The girls at my junior high swooned over the athletic boys in their uniforms.

The Serbian girl with green socks thought I looked hot in my altar boy vestments.

I really just wanted peace and quiet serving as an altar boy my 8th grade year at a Chicago coed Catholic school. But Anka wasn’t about to let that happen. She was a transfer to our school that year and although I didn’t have any classes with her we exchanged glances in the hall a few times. She didn’t look like the rest of the girls but was more attractive than most. I stopped looking at her in the hall because she started giving me dirty looks. I never talked to her until St. Patrick’s Day when I turned around while doing altar boy chores in the sacristy and found her leaning in the doorway wearing emerald-green knee socks.

“You look kinda hot in that outfit,” she said.

Being an altar boy was a respite from 8th grade drama and the soul-crushing first love breakup I’d gone through that year. I tried to work as many morning masses during the week as they would allow. After school I’d sit in the church pew and do my homework. I’d stare at the stained glass. It was peaceful. But now here was Anka.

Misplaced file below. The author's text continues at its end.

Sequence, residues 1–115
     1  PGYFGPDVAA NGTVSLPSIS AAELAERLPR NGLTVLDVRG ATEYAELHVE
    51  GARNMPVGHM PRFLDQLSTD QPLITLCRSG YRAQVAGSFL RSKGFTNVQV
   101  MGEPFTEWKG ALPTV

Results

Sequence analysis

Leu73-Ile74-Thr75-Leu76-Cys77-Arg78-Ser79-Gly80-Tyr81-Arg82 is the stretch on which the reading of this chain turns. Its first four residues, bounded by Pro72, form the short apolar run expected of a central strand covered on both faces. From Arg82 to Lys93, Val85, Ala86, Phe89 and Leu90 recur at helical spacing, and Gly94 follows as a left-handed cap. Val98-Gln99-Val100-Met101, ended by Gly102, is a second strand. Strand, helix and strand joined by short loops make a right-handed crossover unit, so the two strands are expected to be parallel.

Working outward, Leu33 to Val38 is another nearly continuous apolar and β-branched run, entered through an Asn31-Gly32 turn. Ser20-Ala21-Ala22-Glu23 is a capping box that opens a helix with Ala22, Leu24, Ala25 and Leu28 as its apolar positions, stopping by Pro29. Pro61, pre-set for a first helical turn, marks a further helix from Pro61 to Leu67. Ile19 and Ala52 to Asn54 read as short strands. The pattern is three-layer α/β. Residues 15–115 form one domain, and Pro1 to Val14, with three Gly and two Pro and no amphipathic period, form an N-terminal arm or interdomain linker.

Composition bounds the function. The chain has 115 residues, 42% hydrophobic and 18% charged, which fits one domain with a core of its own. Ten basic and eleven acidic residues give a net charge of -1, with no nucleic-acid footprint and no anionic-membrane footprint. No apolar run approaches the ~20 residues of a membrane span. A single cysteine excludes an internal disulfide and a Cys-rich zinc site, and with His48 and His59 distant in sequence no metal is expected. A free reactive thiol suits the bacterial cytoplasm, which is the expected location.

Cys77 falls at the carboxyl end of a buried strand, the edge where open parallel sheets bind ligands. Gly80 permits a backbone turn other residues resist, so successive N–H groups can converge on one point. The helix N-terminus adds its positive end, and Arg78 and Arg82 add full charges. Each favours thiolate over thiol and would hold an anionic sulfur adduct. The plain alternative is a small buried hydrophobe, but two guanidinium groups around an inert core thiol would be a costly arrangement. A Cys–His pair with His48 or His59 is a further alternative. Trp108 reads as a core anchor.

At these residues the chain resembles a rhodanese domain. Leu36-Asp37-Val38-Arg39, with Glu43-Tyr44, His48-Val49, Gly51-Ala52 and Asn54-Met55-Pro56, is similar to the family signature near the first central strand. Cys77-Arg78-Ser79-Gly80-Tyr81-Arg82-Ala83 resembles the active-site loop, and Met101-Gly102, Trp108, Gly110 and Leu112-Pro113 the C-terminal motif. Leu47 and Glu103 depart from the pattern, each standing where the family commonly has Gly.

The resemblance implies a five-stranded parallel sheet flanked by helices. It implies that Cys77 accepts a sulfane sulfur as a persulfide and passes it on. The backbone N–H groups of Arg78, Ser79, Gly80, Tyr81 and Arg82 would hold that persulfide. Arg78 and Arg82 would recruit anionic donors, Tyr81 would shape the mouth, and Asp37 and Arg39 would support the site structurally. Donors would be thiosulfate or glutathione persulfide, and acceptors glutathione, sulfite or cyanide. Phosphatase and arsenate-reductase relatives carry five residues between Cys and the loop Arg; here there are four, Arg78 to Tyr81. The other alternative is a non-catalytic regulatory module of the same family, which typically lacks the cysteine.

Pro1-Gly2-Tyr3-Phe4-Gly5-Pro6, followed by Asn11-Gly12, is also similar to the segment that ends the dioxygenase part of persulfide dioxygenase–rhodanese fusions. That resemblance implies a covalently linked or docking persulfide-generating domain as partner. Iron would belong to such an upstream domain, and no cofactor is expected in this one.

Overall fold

“Oh,” I replied. “Thanks.”

I wanted to say the same thing about her and her Irish socks but was too timid. Those days were still a few years away for me.

Anka followed me around the sacristy, asking me about my duties as an altar server. At one point she sat on a counter with her legs with those green socks crossed as she played around with a chalice. She jumped down when I opened the walk-in safe that held sacramental items.

She followed me inside, grabbed a handful of Communion wafers and put them in her pocket. “Shhhh,” she said. “I won’t tell if you won’t. You take some too. Eat them in homeroom tomorrow.”

I never thought about doing that, ever, and then Anka walks in and suddenly I’m like, “Yea, why not, they haven’t been blessed yet anyway.”

Next was the sacramental wine. We each had a sip. Then she pulled me towards her and licked my lips. Then she walked away and stuck her tongue out, displaying a wet wafer.

“I’ll see you in the halls, Liffey,” she said. “And your name is stupid.”